GAAP and to a lesser extent IFRS (which allows for capitalization of a portion of R&D expense) treat R&D investments as expenses, when in actuality these are investments in a company’s future operations. They may be good investments or bad investments, but it’s hard to think of R&D as cost of goods sold.
In the case of R&D expense, this is often a multi-year investment in a firm’s future offerings. Expensing R&D violates the basic matching rule of accounting, that expenses should be recognized in the period the related revenue is recognized.
Expensing R&D can also dramatically increase earnings volatility, as the timing of R&D related to multi-year projects can create lumpy earnings volatility, distorting understanding of a company’s real profitability.
Additionally, ECHO has had material non-cash stock option expenses since the company was founded. This is treated as an expense to the company in accounting statements, when it is actually a way for the company to give employees an ownership stake in the company. As such, this non-cash expense should be treated as dilution to equity holders and another claim against the Enterprise Value of the firm, as opposed to it being treated as an annual expense. This is especially true as, unless the company uses cash to buy shares (to suppress dilution for equity holders from the option grants being exercised), there is no cash impact on the company.
UAFRS-reporting adjusts for these traditional accounting distortions by treating all R&D as investing cash flows and rebucketing stock option expense into enterprise value. These simple reclassifications remove a tremendous amount of accounting noise related to investment activities and improves investors understanding of the operating earnings of a business.
Greater-than-reported EPS’ and expectations for growth suggest valuations may be too cheap
At current prices, ECHO is trading at a 20.1x traditional P/E, suggesting a firm that may be undervalued if they can drive forecasted robust next-twelve-months earnings growth. Moreover, after making the requisite adjustments, it is apparent that the firm is actually trading at even cheaper valuations, with a UAFRS-based P/E of 15.3x, which is near historical lows.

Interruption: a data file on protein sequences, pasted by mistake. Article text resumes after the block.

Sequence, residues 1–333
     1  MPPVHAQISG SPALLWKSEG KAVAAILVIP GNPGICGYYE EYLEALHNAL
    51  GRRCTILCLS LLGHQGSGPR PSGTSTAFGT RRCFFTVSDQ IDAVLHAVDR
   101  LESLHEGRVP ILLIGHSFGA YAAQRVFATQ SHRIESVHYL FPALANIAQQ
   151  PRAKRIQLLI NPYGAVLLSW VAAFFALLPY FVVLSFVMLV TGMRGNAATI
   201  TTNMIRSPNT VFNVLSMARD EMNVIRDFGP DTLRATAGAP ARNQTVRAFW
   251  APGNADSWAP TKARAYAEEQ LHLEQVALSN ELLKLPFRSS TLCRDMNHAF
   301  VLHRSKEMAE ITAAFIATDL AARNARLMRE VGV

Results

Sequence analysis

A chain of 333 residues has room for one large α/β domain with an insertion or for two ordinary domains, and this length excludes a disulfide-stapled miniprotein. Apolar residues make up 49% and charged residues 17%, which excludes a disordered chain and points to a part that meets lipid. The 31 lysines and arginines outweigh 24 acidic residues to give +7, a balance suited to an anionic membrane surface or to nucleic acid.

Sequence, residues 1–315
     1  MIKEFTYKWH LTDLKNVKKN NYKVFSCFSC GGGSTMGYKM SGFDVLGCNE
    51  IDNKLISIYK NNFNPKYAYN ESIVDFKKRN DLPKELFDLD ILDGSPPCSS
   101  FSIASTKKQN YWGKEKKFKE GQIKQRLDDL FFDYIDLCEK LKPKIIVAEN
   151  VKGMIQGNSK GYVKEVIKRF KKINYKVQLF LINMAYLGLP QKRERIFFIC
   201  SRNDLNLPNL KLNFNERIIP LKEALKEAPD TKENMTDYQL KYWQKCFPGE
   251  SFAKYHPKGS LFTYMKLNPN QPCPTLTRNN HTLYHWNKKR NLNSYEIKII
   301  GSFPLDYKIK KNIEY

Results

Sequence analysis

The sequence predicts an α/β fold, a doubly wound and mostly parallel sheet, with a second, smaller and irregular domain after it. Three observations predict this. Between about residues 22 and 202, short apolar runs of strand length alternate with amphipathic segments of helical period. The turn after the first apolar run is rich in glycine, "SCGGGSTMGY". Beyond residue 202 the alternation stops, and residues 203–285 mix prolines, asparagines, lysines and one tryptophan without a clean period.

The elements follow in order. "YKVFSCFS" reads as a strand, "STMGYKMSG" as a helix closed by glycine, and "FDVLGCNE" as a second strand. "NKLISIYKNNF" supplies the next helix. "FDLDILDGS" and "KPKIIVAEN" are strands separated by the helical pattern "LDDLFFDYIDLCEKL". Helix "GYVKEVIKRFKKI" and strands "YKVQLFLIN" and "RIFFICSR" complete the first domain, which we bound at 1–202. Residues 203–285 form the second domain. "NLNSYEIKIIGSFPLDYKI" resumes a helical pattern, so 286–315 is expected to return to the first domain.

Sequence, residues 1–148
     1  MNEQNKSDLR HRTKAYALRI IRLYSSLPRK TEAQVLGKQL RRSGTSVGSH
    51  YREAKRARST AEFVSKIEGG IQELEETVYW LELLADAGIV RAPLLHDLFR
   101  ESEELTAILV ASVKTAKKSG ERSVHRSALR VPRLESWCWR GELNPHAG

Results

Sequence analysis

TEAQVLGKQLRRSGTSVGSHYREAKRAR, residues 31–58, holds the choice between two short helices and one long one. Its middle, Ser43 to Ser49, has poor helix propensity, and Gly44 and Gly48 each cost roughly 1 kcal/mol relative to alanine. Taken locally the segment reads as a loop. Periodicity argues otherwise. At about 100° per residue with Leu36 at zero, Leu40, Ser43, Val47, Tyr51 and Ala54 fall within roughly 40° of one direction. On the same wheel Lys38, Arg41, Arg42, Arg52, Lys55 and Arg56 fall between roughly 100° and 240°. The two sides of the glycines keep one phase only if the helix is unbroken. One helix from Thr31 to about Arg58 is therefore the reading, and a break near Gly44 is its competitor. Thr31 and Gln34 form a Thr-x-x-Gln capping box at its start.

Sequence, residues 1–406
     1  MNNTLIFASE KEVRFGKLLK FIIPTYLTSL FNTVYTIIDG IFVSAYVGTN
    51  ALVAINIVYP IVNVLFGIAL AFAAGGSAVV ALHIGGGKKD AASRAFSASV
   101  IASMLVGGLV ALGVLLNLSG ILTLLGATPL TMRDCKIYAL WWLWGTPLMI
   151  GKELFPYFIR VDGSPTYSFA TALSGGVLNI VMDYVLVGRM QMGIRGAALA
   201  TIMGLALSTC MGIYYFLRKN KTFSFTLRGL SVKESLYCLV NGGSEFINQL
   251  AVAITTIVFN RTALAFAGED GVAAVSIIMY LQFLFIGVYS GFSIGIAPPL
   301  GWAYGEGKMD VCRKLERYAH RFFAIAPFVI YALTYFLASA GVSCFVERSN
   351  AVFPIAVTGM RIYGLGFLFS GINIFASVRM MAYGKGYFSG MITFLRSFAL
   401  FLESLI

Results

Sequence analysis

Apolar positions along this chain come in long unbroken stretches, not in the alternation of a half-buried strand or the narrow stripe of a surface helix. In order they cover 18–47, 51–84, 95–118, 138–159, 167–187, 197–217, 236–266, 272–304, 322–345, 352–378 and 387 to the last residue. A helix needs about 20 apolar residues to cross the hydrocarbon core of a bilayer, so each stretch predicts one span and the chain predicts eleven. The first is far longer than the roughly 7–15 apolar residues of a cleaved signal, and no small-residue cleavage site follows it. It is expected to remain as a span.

When considering the fact that EPS’ is expected to grow considerably, historically low valuations that are well below corporate average are unwarranted. At a 15.3x UAFRS-based P/E, markets are embedding expectations for annual EPS’ shrinkage of 0.1%, which is well below analysts’ projections for 23% growth next year. As such, should ECHO just maintain growth in-line with analyst estimates, material equity upside would likely be warranted.
By using Uniform Adjusted Financial Reporting Standards (UAFRS), investors see a cleaner picture that distorted GAAP and IFRS metrics cannot show. By standardizing financial reporting consistently across time and across companies, corporate performance and valuation metrics improve dramatically. Comparability of a company’s earnings over time, trends in corporate profitability and comparability in earnings power and earnings growth across close competitors and different sectors becomes far more relevant and reliable.
To find out more about Echo Global Logistics, Inc. and how their performance and market expectations compare to peers, click here to access the open beta of the Valens Research database.
Our Chief Investment Strategist, Joel Litman, chairs the Valens Research Committee, which is responsible for this article. Professor Litman is regarded globally for his expertise in financial statement analysis, fundamental research, and particularly Uniform Accounting, UAFRS.